Chad A. Mirkin, Ph.D., is the Director of the International Institute for Nanotechnology and the George B. Rathmann Professor of Chemistry. Mirkin also is a professor of chemical and biological engineering, biomedical engineering, materials science & engineering, and medicine at Northwestern University.
Mirkin is a chemist and world-renowned nanoscience expert who is known for his discovery and development of spherical nucleic acids (SNAs), and the many medical diagnostic, therapeutic, and materials applications that have derived from them; Dip-Pen Nanolithography (recognized by National Geographic as one of the "top 100 scientific discoveries that changed the world"); and numerous other contributions to supramolecular chemistry. Mirkin is the author of more than 780 manuscripts and over 1,200 patent applications worldwide (over 355 issued), and the founder of multiple companies, including: AuraSense, Exicure, TERA-print and Azul 3D.
He is one of very few scientists elected into all three branches of the U.S. National Academies (Medicine, Science, and Engineering). He served for eight years a member of the President's Council of Advisors on Science and Technology under President Barack Obama. He has been recognized for his accomplishments with more than 230 national and international awards, including: the SCI Perkin Medal, Friendship Award, the Nano Research Award, the Raymond and Beverly Sackler Prize in Convergence Research, the Dan David Prize, the Wilhelm Exner Medal, the RUSNANOPRIZE, the Dickson Prize in Science, the American Institute of Chemists Gold Medal, the $500,000 Lemelson-MIT Prize, and the AAAS Philip Hauge Abelson Award. He has served on the editorial advisory boards of more than 20 scholarly journals; is the current associate editor of the Journal of the American Chemical Society (JACS); and the founding editor of the journal Small, one of the premier international nanotechnology journals. Mirkin has co-edited multiple bestselling books.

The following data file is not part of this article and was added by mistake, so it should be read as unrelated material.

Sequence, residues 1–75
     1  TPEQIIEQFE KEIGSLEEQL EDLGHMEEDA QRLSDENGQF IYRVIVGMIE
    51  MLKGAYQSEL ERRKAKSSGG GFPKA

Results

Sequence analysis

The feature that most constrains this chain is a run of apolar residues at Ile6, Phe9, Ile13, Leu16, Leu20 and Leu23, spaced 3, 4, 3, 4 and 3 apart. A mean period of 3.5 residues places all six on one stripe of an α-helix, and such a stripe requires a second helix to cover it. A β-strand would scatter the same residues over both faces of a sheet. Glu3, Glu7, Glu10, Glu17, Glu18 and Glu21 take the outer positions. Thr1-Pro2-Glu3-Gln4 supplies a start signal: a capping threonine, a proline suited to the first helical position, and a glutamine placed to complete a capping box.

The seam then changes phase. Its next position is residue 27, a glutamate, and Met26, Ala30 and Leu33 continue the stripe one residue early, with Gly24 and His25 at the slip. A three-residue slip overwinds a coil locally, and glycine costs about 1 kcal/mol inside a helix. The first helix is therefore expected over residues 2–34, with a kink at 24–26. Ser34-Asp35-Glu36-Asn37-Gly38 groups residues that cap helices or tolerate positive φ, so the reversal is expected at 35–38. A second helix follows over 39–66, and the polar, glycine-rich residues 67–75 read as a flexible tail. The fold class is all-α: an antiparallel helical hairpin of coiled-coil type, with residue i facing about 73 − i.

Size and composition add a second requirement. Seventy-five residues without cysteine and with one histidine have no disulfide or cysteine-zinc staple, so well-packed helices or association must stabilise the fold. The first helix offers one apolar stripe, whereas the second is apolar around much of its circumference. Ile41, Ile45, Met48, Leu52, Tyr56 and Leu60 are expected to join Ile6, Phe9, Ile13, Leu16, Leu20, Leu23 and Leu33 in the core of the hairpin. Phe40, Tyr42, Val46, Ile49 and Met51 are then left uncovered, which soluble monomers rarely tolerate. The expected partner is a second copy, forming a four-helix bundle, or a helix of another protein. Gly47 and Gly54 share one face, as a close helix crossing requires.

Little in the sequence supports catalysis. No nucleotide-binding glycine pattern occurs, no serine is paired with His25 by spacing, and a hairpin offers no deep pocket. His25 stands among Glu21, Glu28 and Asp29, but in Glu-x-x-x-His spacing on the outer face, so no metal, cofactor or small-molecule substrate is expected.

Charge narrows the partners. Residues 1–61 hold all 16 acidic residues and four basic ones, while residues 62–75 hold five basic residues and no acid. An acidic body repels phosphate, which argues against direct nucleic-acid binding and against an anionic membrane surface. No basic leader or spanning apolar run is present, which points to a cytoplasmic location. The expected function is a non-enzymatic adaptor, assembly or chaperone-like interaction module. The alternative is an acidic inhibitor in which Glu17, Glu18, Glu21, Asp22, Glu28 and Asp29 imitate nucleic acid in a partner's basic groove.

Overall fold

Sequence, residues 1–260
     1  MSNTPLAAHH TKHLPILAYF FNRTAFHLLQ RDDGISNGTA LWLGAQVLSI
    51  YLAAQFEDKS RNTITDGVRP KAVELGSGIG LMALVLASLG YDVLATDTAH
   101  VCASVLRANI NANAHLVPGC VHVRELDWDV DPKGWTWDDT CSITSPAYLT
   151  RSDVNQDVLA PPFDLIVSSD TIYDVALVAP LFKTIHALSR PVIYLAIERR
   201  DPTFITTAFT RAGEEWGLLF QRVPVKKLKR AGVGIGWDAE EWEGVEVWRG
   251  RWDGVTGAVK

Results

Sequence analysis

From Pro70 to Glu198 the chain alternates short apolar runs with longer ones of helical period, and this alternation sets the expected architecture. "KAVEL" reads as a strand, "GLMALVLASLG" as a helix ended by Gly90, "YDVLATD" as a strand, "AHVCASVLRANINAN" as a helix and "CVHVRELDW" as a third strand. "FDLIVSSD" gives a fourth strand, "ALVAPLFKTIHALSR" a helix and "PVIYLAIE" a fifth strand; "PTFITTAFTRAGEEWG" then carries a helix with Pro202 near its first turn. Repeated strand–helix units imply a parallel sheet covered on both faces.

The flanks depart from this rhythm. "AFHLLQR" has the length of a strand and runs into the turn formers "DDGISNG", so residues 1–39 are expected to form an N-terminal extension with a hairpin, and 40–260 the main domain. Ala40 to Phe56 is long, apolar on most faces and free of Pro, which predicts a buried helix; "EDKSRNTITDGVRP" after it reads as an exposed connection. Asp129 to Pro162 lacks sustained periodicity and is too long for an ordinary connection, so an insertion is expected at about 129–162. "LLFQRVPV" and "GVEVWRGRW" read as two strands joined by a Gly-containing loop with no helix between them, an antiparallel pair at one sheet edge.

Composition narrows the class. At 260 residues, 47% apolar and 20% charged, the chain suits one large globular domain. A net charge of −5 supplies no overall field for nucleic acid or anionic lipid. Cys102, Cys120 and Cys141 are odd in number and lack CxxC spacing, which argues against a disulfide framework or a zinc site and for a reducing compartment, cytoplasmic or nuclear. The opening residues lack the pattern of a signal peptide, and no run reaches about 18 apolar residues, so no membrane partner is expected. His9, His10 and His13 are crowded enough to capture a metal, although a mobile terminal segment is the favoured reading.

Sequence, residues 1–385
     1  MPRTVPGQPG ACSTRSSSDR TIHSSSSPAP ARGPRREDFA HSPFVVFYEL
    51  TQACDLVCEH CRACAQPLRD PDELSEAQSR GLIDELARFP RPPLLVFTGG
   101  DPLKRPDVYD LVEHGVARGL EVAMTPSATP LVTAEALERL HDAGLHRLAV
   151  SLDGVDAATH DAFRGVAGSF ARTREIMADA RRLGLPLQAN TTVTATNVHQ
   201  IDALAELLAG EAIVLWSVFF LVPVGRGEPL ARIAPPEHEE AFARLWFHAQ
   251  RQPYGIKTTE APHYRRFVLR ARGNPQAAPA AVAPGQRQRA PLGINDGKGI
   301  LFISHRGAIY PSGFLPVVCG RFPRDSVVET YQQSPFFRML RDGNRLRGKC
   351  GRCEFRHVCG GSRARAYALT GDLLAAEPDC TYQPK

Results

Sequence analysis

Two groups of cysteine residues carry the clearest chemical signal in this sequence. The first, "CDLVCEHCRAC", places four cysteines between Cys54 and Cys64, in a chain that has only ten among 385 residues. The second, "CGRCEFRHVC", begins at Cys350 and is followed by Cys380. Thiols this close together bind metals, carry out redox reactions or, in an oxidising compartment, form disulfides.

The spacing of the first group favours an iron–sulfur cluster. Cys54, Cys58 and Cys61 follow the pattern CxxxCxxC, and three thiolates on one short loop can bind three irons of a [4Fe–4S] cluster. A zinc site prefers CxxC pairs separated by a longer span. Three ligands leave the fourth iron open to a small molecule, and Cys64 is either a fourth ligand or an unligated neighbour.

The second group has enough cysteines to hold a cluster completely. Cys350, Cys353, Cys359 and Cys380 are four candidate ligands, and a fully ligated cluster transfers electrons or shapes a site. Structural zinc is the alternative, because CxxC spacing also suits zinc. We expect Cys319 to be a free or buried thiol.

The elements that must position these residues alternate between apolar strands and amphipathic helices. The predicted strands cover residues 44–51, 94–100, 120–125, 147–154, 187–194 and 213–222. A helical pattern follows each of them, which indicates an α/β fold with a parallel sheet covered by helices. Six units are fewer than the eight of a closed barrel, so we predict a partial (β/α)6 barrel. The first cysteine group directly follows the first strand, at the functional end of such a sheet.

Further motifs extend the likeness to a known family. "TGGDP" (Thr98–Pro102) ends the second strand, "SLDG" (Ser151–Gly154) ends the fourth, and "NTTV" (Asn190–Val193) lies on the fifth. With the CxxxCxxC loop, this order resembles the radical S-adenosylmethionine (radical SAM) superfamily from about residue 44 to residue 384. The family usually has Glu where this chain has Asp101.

Mirkin holds a B.S. degree from Dickinson College (1986, elected into Phi Beta Kappa) and a Ph.D.in chemistry from The Pennsylvania State University (1989). He was an NSF Postdoctoral Fellow at MIT prior to becoming a professor at Northwestern University in 1991.